A pair of suicide bombings in Lebanon killed 23 people today and wounded nearly 150 others outside Iran's embassy in Beirut. It was the latest sign that the civil war next door in Syria is spilling over.
We have a report from Lindsey Hilsum of Independent Television News.
Be advised: Some of the images may be disturbing.
LINDSEY HILSUM: The Iranian Embassy was the target, but damage from this morning's attack spread across the neighborhood. The first blast killed the suicide bomber and possibly embassy guards, but it was the huge car bomb a few minutes later that killed and injured so many people.
Some were hurt because they came out onto their balconies after the first blast to see what had happened, others because they rushed to the scene to try to help people.
NASSER HAIDAR, witness (through interpreter): We work near here. First, I heard a small explosion near the Iranian Embassy. It looked like a suicide bomb. He blew himself up in front of the security. I went to help a guy there, and, within seconds, just 10 meters away, I saw a car exploding. There were many injured and martyrs, so we started to help them.
LINDSEY HILSUM: Such a huge blast conjures terrible memories of the civil war here in Beirut in the 1980s, when attacks and bombs were a daily occurrence. But, worse than that, people here fear that Lebanon is becoming the new front line in the war in Syria.
This was no accidental target. Iran is President Bashar al-Assad's most fervent supporter. This is a largely Hezbollah area. The young men hanging around are militants loyal to the Shia group that has sent fighters to support President Assad across the border.
FAISAL ABDEL SATTR, political commentator (through interpreter): We can't separate what happens in Syria from what happens in Lebanon. This blast today contains not only a military, but also a political message, because the Syrian army is winning on the battlefield. It's also because of the Iranian position on Syria.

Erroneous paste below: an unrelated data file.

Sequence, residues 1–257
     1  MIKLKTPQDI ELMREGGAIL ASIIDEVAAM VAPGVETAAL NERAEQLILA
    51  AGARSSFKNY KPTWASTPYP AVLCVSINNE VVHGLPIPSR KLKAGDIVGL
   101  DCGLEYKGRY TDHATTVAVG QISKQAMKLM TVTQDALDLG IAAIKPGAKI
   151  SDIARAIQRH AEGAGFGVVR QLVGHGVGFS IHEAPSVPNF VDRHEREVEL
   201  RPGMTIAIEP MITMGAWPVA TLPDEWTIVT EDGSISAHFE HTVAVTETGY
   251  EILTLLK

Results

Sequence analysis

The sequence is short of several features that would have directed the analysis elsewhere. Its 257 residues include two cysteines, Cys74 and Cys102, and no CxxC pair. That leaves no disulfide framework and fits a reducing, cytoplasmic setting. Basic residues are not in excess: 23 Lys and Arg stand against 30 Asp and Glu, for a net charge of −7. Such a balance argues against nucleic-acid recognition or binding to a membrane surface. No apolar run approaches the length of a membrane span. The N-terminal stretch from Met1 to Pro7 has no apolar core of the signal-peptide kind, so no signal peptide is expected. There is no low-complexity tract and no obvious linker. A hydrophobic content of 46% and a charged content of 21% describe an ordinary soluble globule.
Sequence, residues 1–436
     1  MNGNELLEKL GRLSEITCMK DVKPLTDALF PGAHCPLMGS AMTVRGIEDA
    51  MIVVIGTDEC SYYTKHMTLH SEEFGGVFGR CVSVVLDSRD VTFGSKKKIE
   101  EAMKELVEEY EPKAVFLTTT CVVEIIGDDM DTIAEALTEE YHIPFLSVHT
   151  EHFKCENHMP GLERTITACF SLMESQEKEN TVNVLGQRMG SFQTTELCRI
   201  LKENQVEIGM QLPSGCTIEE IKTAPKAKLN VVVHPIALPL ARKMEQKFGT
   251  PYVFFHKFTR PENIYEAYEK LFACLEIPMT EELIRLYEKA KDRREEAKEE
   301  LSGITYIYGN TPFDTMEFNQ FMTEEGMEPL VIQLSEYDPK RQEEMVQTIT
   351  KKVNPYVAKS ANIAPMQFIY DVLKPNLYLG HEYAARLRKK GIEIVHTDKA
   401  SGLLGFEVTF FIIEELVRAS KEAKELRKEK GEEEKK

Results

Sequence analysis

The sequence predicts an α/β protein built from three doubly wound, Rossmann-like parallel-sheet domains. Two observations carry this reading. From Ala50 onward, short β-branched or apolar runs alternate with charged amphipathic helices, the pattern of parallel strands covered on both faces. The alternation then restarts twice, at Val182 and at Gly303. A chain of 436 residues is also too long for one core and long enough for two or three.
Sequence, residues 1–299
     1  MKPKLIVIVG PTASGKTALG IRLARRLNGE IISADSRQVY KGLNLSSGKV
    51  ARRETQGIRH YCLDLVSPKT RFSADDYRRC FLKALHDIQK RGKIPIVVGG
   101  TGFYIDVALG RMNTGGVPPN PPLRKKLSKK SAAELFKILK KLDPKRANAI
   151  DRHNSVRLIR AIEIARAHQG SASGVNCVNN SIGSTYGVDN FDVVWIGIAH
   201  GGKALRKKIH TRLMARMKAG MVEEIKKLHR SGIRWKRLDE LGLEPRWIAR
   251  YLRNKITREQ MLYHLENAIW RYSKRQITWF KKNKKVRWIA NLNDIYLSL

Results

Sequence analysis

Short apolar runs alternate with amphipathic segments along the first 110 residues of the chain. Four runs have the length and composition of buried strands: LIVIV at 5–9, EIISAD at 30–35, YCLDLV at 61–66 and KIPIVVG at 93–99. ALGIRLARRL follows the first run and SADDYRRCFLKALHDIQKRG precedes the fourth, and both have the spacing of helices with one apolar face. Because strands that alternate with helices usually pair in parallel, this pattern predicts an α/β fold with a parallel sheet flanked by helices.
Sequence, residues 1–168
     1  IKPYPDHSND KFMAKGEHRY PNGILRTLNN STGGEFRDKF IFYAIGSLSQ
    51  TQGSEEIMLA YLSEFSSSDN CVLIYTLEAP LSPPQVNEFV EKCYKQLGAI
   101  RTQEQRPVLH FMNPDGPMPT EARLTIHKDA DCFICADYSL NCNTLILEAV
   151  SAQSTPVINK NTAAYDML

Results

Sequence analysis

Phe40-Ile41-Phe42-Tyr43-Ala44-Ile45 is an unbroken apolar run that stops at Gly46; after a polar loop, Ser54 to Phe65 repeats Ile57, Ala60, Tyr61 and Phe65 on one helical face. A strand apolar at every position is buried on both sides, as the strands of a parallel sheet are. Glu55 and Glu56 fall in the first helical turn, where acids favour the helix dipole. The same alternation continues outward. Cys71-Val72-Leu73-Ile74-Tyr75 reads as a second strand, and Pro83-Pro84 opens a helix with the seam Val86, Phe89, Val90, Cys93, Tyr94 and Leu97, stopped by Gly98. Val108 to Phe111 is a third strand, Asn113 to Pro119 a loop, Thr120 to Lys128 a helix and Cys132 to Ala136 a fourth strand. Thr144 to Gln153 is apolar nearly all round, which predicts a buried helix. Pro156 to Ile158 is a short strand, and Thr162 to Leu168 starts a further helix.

LINDSEY HILSUM: Today's bomb points up what everyone here knows: Lebanon's peace is in peril. The country's divisions mirror those in Syria, and the war next door is a growing threat to this fractured, fragile state.
JUDY WOODRUFF: In Syria, state TV reported the army recaptured a key town along a route linking Damascus to the coast. The village of Qarah lies near the Lebanese border. Its capture closes off an arms-smuggling route used by rebels. This move follows recent army advances around Aleppo and Damascus.
There's conflicting news on whether the U.S. and Afghanistan are close to a security agreement. The office of Afghan President Karzai said today they have agreed on a framework to govern any U.S. troops who stay on after 2014, but the U.S. State Department said, "We are not there yet." A meeting of Afghan elders convenes Thursday to consider a possible agreement.
President Obama met with senators of both parties today on Iran and sanctions. The session came a day before negotiations on Iran's nuclear program resume in Geneva. Republican Senator Bob Corker of Tennessee said the president asked them to pause on considering additional sanctions for a period of time.
Corker said that seems likely, at least for a few days.
SEN. BOB CORKER, R-Tenn.: You can talk about what-ifs, but I think one thing that is for sure, there will be is no amendments that will pass the United States Senate, for sure, until we -- relative to this, anyway -- until we come back from Thanksgiving.
JUDY WOODRUFF: Later, the president said he's not sure if the nuclear talks with Iran will yield an agreement. But Iran's foreign minister said he thinks there is every possibility of working out a deal in Geneva.
Recovery efforts began in earnest in the Midwest today after Sunday's barrage of tornadoes and thunderstorms. Early estimates indicated damages could total $1 billion. Today, people combed through wreckage in Washington, Illinois, where hundreds of homes were flattened, and crews across the region worked to restore power to more than 320,000 customers.
The cost of typhoon recovery in the Philippines could come close to $6 billion. A government official estimated today that that is what is needed to rebuild homes, schools, roads and bridges. Meanwhile, much-needed supplies continued to arrive from countries around the world. The U.S. government has now provided $37 million in humanitarian aid.
Wall Street edged lower today. The Dow Jones industrial average lost nearly nine points to close at 15,967. The Nasdaq fell 17 points to close at 3,931.